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Artist Spotlight: Beadwork by Molina Parker

by Kelli Kehler

I’ve always been drawn to beadwork — especially pieces constructed with tiny beads — and remember visiting bead stores as a child and just running my hand through bowls full of colorful, shiny beads. If I was lucky, I’d come home with a small pouch full of the teeny treasures, but my skill level could never keep up with my imagination. I longed to have the vision and talent to transform the minuscule baubles into something magnificent.

For Molina Parker, beading has always been a part of her life for as long as she can remember. Her grandmother and mother taught her how to create traditional beadwork from an early age, and today that lifelong cultivation of her Native craft is seen in the mastery and precision of her work.

“I love to make adornment that reflects my love of nature and my people,” Molina shares. “Most of my pieces either represent something that has happened in my life or has cultural significance from either my Oglala Lakota or Northern Cheyenne heritage.”

I spoke with Molina below about how the tradition of Native beadwork has transformed in contemporary ways, the importance of valuing the work and time that goes into Native crafting, and more. Keep an eye out for new works from Molina on her Instagram account and in Bethany Yellowtail’s Collective. —Kelli

 



 

About how long does it take you to create one beaded piece? Do you have a process for conceptualizing how things will look?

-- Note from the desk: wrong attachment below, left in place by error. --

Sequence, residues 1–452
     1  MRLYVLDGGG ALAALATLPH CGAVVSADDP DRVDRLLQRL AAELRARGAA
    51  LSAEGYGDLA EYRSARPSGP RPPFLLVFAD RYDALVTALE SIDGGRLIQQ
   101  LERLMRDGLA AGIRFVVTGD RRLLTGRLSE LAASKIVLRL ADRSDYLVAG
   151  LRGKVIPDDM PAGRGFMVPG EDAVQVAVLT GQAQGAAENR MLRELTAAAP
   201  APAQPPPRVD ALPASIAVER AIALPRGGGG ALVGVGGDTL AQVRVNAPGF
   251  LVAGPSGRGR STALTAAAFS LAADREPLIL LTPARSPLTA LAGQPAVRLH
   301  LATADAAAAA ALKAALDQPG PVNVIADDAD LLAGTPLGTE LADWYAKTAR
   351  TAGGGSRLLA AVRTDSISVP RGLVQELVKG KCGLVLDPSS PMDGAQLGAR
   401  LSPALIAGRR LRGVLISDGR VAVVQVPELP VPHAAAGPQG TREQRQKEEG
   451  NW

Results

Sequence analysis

Depending on the size of the piece and the size beads I’m working with, my jewelry can take anywhere from a few hours to assemble up to a few months. I love making pieces that are relevant today and draw inspiration from my surroundings and culture. I find it a challenge to come up with fresh ideas and new color stories.

How do you feel the tradition of beadwork has changed in more contemporary times?

Traditional beadwork has changed so much. We have access to new materials and colors and our work reflects that! Some people like to recreate things our ancestors did, which is fine, but as an artist, I like to challenge myself and make things that speak to me.

What do you wish more non-Native people understood about Native culture and traditions (like beadwork)?

Beadwork is still a fairly new tradition to our people. Before white settlers and fur traders brought beads to us, we worked primarily with things found in nature. Porcupine quills, animal skins and bones, shells, etc. It’s important that non-Native people see the value in our work and not think of it as something trendy or kitschy. A lot of time and love goes into what we make and needs to be taken seriously.

How do you find strength when you face fear in either your personal life or creative work?

I believe most of my strength comes from my grandmother. She engrained in me how important it was for me to remain level headed and humble. She also made me confident enough in myself to want to push myself in everything that I do.